We have become experts at defining how leaders should behave, and we have become obsessed with finding the "elite" who can fix us when everything else fails. Yet underneath the thin veneer of performance, some leaders in our society are functioning with borderline personality disorders, obsessive-compulsive tendencies, and hidden addictions and lusts they have assumed in an attempt to fill the void in their souls.
None of us has to look far in our circle of relationships to recognize that many people we thought were leaders are merely performing behind a mask. We have so highly prized "perfect performance" that we have watched the spirit of competition and comparison come into our churches and seen leaders at every level act more like territorial warlords than followers of Christ.
I wonder if Peter, who was so surprised by the Lord's insistence on washing his feet (see John 13:6), would have dared to take off his own cloak and don the servant's towel. Like many leaders today, he probably would have considered such an action "beneath him." After all, he had an image to preserve and a reputation to be maintained.
Yet when Jesus explained His actions, Peter realized that a new day was coming in which religious leaders would no longer be placed on a pedestal but would become the servants of all.
Jesus shattered every preconceived idea of ministry and leadership when He removed His robe, draped a towel around Himself, poured water into a basin and washed His disciples' feet. (see John 13:3-5). They were looking for a king, but He was acting like a slave!
The Leader of the new move of God delegitimized the prevailing false image of power and leadership by taking the towel Himself and getting as low as He could to remove the debris from between the toes of the next generation of servant-leaders. Peter couldn't handle this because he couldn't see himself doing the thing his Teacher was doing. He was too concerned about his image.
Jesus, on the other hand, had no need to play the image game. He knew where He came from, He knew who He was, and He knew where He was going (no borderline personality disorder here).
It was not beneath Him to assume the lowest place in the room. As big as He was, He was never too big for the room. He "took the form" of a servant and delighted to live there because He knew that the Father dwells with the humble.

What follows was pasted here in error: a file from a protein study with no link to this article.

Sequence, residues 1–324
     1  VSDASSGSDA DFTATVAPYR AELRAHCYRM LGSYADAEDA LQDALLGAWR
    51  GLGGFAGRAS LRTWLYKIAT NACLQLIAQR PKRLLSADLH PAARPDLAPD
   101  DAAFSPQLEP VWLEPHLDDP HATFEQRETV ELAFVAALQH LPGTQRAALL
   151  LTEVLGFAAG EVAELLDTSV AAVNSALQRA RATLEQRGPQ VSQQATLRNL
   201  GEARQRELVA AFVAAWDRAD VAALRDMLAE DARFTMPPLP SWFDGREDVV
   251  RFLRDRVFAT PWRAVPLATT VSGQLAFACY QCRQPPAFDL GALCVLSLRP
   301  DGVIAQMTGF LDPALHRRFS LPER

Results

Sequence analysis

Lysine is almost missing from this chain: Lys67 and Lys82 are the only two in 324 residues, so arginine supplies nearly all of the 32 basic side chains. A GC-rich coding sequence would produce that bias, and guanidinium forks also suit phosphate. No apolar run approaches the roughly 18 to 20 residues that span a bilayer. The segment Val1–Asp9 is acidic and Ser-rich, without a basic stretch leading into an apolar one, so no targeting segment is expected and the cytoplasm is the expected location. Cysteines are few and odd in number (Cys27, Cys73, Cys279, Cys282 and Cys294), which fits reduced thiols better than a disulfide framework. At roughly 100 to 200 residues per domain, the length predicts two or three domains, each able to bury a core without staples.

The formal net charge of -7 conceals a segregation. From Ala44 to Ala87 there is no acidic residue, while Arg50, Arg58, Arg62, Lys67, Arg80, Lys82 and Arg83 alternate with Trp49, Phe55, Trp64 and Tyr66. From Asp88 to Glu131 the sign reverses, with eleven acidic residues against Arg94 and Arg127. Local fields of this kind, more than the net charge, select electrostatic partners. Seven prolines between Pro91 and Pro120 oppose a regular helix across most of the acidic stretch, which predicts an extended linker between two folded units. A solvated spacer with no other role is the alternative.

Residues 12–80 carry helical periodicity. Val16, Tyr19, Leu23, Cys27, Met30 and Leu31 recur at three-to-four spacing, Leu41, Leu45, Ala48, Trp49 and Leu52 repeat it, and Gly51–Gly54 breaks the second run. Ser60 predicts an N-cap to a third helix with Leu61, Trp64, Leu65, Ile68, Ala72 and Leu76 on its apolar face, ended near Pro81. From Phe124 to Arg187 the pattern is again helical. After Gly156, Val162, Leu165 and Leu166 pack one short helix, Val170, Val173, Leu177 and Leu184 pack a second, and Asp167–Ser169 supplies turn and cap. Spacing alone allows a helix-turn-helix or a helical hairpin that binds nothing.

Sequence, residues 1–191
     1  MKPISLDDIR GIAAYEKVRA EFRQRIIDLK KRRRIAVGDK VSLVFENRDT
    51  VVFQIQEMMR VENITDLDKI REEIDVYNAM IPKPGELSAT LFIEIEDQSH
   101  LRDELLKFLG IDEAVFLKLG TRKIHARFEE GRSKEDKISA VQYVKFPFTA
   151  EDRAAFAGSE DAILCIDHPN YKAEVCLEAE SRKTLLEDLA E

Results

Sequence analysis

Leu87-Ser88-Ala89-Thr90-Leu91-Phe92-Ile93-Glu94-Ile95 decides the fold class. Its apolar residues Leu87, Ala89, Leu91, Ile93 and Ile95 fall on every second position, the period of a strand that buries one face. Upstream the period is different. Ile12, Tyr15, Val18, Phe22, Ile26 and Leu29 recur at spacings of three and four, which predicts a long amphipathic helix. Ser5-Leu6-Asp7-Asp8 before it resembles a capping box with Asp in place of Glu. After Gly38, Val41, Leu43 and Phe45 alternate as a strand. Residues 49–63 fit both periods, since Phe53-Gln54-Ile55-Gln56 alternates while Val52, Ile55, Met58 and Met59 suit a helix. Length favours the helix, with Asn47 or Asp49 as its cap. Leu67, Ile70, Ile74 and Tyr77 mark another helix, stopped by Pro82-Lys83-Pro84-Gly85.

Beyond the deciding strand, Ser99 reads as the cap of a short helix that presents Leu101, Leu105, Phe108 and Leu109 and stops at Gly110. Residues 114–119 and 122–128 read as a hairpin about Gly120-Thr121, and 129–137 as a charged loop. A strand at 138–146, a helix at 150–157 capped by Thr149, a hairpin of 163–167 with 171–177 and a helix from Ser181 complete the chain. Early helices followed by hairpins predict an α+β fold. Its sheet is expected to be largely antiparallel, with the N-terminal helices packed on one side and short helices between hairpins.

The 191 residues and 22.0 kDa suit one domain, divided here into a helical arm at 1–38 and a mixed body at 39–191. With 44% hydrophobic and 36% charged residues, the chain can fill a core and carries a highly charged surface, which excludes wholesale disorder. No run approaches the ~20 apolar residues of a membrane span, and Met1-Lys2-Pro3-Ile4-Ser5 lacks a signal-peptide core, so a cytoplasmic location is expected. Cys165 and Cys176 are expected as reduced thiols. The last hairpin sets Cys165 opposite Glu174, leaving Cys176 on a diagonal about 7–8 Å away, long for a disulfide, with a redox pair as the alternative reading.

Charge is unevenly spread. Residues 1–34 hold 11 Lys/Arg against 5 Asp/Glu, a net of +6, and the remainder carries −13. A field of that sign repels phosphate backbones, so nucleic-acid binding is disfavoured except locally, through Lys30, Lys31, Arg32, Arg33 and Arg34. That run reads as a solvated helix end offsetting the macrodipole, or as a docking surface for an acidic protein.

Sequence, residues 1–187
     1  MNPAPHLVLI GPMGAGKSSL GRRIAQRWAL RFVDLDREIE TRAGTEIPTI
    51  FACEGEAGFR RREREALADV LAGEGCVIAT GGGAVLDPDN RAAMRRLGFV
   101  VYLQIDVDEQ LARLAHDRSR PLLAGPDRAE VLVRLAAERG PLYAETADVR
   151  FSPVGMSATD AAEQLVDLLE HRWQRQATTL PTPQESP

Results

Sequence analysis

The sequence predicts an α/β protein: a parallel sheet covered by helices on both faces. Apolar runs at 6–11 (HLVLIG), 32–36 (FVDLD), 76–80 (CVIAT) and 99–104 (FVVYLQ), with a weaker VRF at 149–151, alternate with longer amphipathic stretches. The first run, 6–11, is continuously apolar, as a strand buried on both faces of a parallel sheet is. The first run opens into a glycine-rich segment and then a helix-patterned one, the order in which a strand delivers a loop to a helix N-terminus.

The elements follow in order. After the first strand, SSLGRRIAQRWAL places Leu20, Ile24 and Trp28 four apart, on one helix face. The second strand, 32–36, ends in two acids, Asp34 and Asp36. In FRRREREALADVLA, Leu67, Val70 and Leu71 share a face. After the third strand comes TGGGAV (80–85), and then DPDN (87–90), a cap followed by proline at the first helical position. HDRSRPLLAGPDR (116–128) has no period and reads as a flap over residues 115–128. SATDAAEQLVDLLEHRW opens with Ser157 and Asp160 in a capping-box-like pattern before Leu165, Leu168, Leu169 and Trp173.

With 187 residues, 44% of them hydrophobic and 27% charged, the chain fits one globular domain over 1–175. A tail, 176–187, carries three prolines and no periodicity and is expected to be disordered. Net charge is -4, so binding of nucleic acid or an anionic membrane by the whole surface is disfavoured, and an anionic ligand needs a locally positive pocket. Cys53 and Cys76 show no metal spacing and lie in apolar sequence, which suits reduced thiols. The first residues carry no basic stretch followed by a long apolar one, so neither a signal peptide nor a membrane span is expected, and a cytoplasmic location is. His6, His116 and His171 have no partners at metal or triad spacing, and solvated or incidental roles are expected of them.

It's time we checked to see if we have become "too big for the room." We need to have our feet washed from the dust of modernism and allow the Servant of servants to model for us the way into the new millennium. Our personality disorders would be healed if we were willing to take the form of a servant.
All of us today want to see revival. We want to see the river of God flowing in our nation. This has become the emerging prophetic cry of our generation: that the knowledge of the glory of the Lord will manifest as a worldwide flow of water covering the earth.
Where is the river of God? Where is the revival and the refreshing? Jesus said, "Where I am, there will My servants be also" (see John 12:26). Wherever there are servants who are leading the way into the future by modeling the life that God is attentive to and honors, there the water will be flowing.
If we can learn a lesson from Peter's mistake and not be so concerned with the honor of our positions and titles, we might discover that right at our feet is the position of honor--the place where the Father restores our sense of wholeness, balance, dignity and identity. Whoever seeks to be the greatest needs to have the capacity to become a servant. May we seek the sign of the "Man with the towel and basin" and follow Him into the new day that is already dawning on the horizon of divine intention!
Mark J. Chironna is the founder of The Masters Touch International Church in Orlando, Florida, and author of Stepping Into Greatness (Creation House). He and his wife, Ruth, live in Orlando with their two sons.